FX swaps and repo are closely related: both are driven by short-term interest rates and can be used to finance asset positions. The pricing of FX swaps, both against repos and, in particular, the short term interest rates used to hedge those swaps, should prevent arbitrage opportunities – but this is simply not the case. Mispricing and arbitrage opportunities exist based on central bank intervention, client needs and additional factors. Repo market professionals should understand the FX markets and vice versa.
This report is a primer on the FX swaps market with an emphasis on the connection to the USD repo markets. Both markets are driven by many of the same forces, however, securities finance and FX swap and forward markets are often managed separately at banks and investment firms. Repo desks are either part of securities financing silos or cash trading desks. FX swaps and forwards are typically embedded in FX businesses. Securities finance traders, including those working for investment managers, should understand when dislocations in these markets occur, what it means for their markets and clients, and how to assess multiple products to take advantage as opportunities present themselves.
FX swaps pricing is based on the idea of Covered Interest Parity (CIP). This was once thought of as a fixed rule, but repeated breaks have shown this to be incorrect. CIP posits that any riskless arbitrage in FX swaps and forwards will be arbitraged out immediately. However, firms without natural sources of dollars (i.e., those without the ability to access local USD repo lines or are unable to issue USD Commercial Paper or Certificates of Deposit) may fund themselves using FX swaps, leading to continued demand to borrow USD in the FX swaps market. In frictionless markets, participants would commit capital to push the prices back to an arbitrage-free equilibrium, but that is not the world we live in. Repo market participants have an opportunity to take advantage of these breaks in CIP, with caveats.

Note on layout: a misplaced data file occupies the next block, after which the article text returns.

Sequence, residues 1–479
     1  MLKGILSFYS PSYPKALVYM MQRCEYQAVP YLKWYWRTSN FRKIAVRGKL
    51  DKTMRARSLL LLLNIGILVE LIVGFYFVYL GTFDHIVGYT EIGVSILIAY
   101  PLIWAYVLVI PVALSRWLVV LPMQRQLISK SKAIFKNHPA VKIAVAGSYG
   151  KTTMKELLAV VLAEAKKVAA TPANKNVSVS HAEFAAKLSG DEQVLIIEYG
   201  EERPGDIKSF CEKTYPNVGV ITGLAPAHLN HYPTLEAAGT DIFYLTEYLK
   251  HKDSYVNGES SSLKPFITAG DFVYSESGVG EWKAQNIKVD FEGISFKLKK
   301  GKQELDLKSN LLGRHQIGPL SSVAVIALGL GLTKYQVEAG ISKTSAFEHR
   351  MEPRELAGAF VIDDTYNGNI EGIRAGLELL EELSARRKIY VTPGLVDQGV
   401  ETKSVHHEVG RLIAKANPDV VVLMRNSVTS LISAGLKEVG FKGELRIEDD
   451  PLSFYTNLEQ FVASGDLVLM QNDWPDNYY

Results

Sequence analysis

This report demonstrates the mechanics of FX swaps in the context of repo trading, including why investors prefer one product over another, balance sheet treatment and global vs. local market dynamics. It should be read by repo and FX dealers, and clients including investment managers.
A direct link for Finadium subscribers to this report is https://finadium.com/finadium-report-desc/fx-swaps-and-the-repo-market/
For non-subscribers, more information is available here.